The importance of input from community councils over proposed secondary school closures was stressed today.
SIC head of education Helen Budge reminded representatives at the biannual Association of Shetland Community Councils meeting of next week’s informal discussion process.
As well as two public meetings, to be held simultaneously at Brae and Lerwick on Tuesday, various others will be held in different rural areas.
Mrs Budge explained the number of options the education service was looking at in order to make savings required by the council.
They ranged from keeping the status quo on junior secondaries, which could require serious cuts in library services, sports and leisure services and children’s resources, to the one-hub model, which would see all all secondary pupils transfer to the Anderson High School from fourth year onwards, or the two-hub model which would mean Brae continuing as a high school.
“We want community council input into the various different models,” Mrs Budge said. It’s really important that you attend these meetings next week.”
She said pupils from P5 up to S6 would be participating in the discussion process, along with teachers and parent councils. All the information gleaned would be passed to an independent consultant who would come up with recommendations.
The option of a “telepresence” model in schools, using video links, curried little favour. Mrs Budge told Bertie Black that although the system was used in further education there were were no examples of secondary school use, which prompted the Bressay representative to suggest it would be “inventing another wheel”.
Sandness and Walls representative Iris Sandison said she was “quite uneasy” about the whole consultation meeting process. “Sit in a huddle to discuss what?” she asked.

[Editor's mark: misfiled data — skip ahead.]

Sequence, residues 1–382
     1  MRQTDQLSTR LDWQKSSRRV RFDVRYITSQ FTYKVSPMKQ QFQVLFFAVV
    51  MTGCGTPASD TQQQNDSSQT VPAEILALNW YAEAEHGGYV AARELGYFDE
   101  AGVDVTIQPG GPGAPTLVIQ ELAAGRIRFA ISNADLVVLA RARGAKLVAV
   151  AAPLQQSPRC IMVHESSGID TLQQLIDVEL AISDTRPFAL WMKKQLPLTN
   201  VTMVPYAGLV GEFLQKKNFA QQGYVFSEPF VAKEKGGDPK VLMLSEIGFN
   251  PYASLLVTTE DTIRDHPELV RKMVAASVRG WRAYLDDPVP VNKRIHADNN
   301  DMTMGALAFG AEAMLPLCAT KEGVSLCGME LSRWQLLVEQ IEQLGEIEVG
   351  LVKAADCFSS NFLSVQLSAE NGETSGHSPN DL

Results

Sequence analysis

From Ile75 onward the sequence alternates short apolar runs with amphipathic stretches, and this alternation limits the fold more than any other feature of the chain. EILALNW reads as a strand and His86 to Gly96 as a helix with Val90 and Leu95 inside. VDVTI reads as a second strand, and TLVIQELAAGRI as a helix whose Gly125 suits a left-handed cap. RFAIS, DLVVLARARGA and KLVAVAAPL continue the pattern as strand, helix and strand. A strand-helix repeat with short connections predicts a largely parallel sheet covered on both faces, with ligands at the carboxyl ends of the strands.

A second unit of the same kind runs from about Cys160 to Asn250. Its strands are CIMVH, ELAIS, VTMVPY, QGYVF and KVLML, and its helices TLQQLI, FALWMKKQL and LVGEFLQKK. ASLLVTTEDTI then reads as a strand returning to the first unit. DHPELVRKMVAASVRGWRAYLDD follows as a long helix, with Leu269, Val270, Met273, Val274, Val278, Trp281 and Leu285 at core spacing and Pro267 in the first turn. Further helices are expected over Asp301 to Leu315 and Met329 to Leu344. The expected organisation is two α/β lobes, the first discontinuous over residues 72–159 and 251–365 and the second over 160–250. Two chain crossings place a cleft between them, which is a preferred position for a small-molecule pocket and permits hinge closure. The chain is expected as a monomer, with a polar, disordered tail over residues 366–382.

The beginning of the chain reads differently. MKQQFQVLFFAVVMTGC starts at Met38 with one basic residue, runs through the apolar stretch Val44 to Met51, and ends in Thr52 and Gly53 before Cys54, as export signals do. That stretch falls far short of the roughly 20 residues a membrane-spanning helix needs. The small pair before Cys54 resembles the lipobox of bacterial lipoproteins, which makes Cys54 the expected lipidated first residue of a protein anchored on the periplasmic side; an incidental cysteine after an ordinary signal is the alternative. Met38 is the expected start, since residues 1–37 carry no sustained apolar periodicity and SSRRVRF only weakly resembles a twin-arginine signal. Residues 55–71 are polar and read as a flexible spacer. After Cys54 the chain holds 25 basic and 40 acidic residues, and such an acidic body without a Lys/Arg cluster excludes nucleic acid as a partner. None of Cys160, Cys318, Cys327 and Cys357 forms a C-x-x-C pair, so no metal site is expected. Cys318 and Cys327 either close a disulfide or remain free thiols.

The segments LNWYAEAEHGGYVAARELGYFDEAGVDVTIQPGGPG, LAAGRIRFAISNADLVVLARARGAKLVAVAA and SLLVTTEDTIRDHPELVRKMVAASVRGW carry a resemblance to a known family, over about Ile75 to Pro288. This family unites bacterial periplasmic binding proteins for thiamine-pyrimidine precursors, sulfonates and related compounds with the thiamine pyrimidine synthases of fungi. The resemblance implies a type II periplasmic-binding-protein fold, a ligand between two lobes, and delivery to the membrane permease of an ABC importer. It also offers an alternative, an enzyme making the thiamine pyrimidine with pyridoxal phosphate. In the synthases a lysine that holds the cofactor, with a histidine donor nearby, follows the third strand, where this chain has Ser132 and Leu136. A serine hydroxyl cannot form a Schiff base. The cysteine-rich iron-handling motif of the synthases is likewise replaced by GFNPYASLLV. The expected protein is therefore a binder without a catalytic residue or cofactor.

“[The members] are not going to have the information they need. I just feel there are going to be more questions than answers at this stage. [It’s] undue haste to rush everything through. Everybody needs to stand back and take more time.”
Mrs Budge said quite a lot of “extensive work” had already gone into considering the various options. For instance they had already heard “very strong views” on the telepresence idea.
“I take on board what you’re saying but what we have found so far is that people have been very keen to engage with us.”
“People are very keen to get the right answers,” Mrs Sandison replied. “There is 100 per cent backing for saving the Aith secondary and 100 per cent against [sending] under-11 age pupils by bus on a daily basis.”
Unst representative Laurence Roberson raised the issue of people moving out of rural areas if schools were to close.
“We’re sitting hearing about what’s best for bairns,” Mr Robertson said. “What’s going to be best for communities. Folk will end up moving to Lerwick.”
Mrs Sandison said she already knew of two families in the Walls area which would be moving to town if the Aith secondary department was to close, while another family had put the plans for their new house on hold.”